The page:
0011 – Source Code 3 – Every Careless Word


“You shall not take the name of the LORD your God in vain, for the LORD will not hold him guiltless who takes his name in vain. (Exo 20:7)

For people swear by something greater than themselves, and in all their disputes an oath is final for confirmation.
(Heb 6:16)

What is it that responds so viscerally to the name of God? And surely this response only occurs in those who know the Word and its meaning. Once we learn His name, we become responsible for it. Once you know the Name of God, you can never go back. Once you’ve named that Thing you’ve always known, He can’t be ignored.

The Israelites became acquainted with the Name at the foot of Sinai. “I am the Lord (YHWH) Your God.” This God, the YHWH, had delivered them from Egypt, brought them through the Red Sea, given them manna in the desert. This was the God doing the impossible before their eyes. Is it possible to get used to something like that?

But once he had given out His special covenant Name, they were obligated to protect it, and not use it frivolously. Digging into the text a bit, we find that “take” means primarily to “lift” where vain means “empty”. Is this lifting your voice? Lifting up the Name? Offering false praise or empty praise?

It seems to me that the prohibition is two-pronged. First that all use of the Name be weighted accordingly, and second, all those who seek a place in the Name should live as such. They are not actually two, but since we are fond of separating our actions from our thoughts, we will do so here.

I have never heard hypocrisy addressed from this text but what if we considered this a prohibition against hypocrisy? I think it goes without saying hypocrisy is a cancerous corruption in any church. Recently I had opportunity to take in Arthur Miller’s The Crucible. In the play, honest, God-fearing “covenanted Christians” are put on trial for witchcraft. The villain, the scorned Abigail, declares that the whole church is full of hypocrites, and her righteous mission is to eradicate hypocrisy in the church. It made me wonder why God allowed the original trials to take place, and good men and women hung on a gallows. Could Abigail’s charge ring true? Certainly it is not a new charge. Do “good Christian people” take the name in vain, offer vacuous praise and empty soulless prayers? Haven’t we often reduced relationship with Christ to ritual within Church and true Christian fellowship to “a friendly church”? If God did judge Salem for hypocrisy, then He must surely apologize to them today.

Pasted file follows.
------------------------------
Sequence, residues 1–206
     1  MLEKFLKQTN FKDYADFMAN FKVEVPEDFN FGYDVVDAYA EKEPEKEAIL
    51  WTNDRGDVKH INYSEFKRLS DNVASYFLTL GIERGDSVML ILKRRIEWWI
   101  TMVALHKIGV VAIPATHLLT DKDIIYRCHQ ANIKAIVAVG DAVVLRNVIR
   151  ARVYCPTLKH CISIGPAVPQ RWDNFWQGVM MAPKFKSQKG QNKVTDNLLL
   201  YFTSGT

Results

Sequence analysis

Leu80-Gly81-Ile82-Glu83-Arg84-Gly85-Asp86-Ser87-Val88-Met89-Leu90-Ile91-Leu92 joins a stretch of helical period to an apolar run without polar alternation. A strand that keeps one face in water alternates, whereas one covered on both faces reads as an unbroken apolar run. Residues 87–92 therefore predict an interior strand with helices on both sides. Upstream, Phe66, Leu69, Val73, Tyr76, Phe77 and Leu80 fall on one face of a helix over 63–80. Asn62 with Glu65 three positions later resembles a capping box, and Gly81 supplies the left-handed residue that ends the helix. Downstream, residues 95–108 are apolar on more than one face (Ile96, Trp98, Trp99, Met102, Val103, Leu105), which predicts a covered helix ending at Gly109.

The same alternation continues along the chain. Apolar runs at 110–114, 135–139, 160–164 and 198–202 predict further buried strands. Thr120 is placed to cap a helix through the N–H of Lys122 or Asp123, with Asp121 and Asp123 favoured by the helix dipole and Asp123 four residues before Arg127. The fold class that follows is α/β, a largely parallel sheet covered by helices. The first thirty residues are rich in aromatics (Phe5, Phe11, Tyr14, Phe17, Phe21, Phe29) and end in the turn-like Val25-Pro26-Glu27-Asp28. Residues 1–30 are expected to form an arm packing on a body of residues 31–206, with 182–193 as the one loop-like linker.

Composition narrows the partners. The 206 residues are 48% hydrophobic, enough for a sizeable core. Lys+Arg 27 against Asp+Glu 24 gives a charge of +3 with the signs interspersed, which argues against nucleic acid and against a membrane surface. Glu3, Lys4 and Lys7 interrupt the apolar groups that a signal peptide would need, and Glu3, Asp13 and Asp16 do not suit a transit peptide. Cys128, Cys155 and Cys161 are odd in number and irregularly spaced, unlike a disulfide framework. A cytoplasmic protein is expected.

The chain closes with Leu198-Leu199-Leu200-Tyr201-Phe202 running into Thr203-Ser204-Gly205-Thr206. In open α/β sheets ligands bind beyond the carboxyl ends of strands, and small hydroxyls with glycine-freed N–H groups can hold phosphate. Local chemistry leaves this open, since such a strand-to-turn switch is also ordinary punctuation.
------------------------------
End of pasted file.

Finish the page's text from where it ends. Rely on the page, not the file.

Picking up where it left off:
And the Lord said: “Because this people draw near with their mouth and honor me with their lips, while their hearts are far from me, and their fear of me is a commandment taught by men, (Isa 29:13)

Consider the church that bears the Name of God, but with none of the characteristics of God. A Church that is unloving, unkind, closed to all but the insiders, and is only concerned about itself. Is this taking the Name of the Lord in vain? The Lord hates lying lips, and surely the Lord hates a Church whose name is on their lips, but pray with blood-stained hands.

Lying lips are an abomination to the LORD, but those who act faithfully are his delight. (Pro 12:22)

Suppose taking the Name in vain is a prohibition against heartless worship. To take His name in vain is more than swearing or using His Name as a curse word. It speaks to the whole manner of life of a person covered in such a name. The Israelites were God’s covenant people. A people called by His Name. Moses alludes to this when God threatens to destroy Israel after her sin with the golden calf.

But Moses implored the LORD his God and said, “O LORD, why does your wrath burn hot against your people, whom you have brought out of the land of Egypt with great power and with a mighty hand? Why should the Egyptians say, ‘With evil intent did he bring them out, to kill them in the mountains and to consume them from the face of the earth’? Turn from your burning anger and relent from this disaster against your people. Remember Abraham, Isaac, and Israel, your servants, to whom you swore by your own self, and said to them, ‘I will multiply your offspring as the stars of heaven, and all this land that I have promised I will give to your offspring, and they shall inherit it forever.’” (Exo 32:11-13)